Kirbyville woman convicted of manslaughter in Lumberton sisters' killing loses appeal

Crystal Boyett's appeal of her 2015 manslaughter conviction in the death of two Lumberton sisters was rejected Wednesday by the Ninth Court of Appeals in Beaumont. Boyett was convicted in April 2015 and sentenced to 20 years in the killing of the sisters and an unborn baby in a February 2014 car crash. The crash happened in Lumberton, where police said Boyett's car exceed 120 mph before colliding with an SUV carrying Courtney Ray Sterling, 15, Connely Renee Burns, 20, and Burns' unborn son, Tyson, all of whom were killed. (KFDM file photo)

Crystal Boyett's appeal of her 2015 manslaughter conviction in the death of two Lumberton sisters was rejected Wednesday by the Ninth Court of Appeals in Beaumont.

Boyett was convicted in April 2015 and sentenced to 20 years in the killing of the sisters and an unborn baby in a February 2014 car crash.

She asked the appeals court to dismiss the case against her, or send it back to Hardin County for a new trial based on three issues.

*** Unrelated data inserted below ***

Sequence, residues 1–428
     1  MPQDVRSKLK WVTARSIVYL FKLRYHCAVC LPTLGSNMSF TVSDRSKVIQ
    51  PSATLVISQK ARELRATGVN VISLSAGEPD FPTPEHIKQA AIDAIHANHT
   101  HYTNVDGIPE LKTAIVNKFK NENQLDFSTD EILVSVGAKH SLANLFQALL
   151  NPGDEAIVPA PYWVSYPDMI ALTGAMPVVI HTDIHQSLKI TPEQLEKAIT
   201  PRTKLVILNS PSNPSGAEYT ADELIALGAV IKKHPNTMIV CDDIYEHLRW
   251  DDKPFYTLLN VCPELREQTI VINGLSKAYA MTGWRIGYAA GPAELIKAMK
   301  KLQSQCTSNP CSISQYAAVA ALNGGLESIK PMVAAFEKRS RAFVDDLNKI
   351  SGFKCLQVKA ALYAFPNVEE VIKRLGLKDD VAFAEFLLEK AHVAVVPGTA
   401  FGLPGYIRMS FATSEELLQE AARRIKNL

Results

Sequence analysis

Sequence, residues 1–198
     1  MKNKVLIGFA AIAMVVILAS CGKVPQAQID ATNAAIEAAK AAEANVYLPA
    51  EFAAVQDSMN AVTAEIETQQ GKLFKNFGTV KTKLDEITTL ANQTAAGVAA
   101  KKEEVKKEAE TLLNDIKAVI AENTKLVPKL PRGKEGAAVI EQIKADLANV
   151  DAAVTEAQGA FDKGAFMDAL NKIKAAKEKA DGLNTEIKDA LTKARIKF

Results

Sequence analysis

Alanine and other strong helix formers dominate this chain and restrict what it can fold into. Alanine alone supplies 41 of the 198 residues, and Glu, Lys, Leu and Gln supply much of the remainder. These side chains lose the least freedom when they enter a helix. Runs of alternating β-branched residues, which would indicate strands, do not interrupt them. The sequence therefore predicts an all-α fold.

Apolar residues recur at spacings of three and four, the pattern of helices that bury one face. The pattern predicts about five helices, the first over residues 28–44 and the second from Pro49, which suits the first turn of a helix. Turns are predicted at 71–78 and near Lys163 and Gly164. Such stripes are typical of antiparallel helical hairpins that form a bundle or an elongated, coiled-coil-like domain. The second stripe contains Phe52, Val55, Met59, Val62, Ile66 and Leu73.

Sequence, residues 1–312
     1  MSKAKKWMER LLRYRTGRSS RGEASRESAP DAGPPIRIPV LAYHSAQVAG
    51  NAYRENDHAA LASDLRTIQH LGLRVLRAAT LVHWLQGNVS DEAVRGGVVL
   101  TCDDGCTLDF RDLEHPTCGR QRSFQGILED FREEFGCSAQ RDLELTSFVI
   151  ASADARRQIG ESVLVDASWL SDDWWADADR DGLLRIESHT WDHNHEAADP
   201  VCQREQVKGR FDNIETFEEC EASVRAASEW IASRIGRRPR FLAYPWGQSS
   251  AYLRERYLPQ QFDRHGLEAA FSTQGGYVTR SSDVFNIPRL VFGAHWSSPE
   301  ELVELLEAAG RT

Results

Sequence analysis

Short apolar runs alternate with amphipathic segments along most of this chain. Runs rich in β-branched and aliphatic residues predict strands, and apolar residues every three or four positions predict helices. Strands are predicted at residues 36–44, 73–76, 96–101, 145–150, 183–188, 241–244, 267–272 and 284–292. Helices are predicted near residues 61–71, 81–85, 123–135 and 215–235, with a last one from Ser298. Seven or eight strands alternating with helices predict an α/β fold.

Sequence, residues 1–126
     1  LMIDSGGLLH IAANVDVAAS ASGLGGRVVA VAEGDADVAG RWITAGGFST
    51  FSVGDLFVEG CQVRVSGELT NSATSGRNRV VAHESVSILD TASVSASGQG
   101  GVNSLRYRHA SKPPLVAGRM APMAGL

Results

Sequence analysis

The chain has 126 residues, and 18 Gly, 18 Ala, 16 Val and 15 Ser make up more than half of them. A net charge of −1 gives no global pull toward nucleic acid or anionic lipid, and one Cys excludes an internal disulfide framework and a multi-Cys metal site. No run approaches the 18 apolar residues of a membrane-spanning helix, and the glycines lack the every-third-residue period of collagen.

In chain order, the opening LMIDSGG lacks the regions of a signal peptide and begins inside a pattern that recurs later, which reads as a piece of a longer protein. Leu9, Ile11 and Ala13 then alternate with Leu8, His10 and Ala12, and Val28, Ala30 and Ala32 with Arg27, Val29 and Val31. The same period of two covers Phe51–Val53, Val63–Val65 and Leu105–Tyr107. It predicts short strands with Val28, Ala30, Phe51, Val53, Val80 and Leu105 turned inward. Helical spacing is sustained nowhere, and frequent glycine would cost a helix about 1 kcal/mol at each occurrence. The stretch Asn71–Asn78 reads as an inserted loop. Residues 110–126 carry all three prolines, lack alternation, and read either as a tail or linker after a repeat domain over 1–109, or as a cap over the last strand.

Boyett's appellate attorneys argued District Judge Steven Thomas should have allowed her attorneys more time to review 4,300 pages of medical documents that prosecutors produced just 32 days before trial.

The attorneys also claimed Thomas should have appointed an expert to evaluate her competency before determining she was competent to stand trial.

On her final issue, Boyett's attorneys argued her constitutional right to testify in her defense was violated when her trial attorney refused to allow her to testify.

Beaumont's appeals court issued a 19-page opinion Wednesday rejecting Boyett's appeal.

The crash happened in Lumberton, where police said Boyett's car exceed 120 mph before colliding with an SUV carrying Courtney Ray Sterling, 15, Connely Renee Burns, 20, and Burns' unborn son, Tyson, all of whom were killed.

Boyett, now 43, is assigned to a Texas Department of Criminal Justice unit about a half-hour drive south of Waco, online TDCJ records show.

Read the 19-page opinion in its entirety here.


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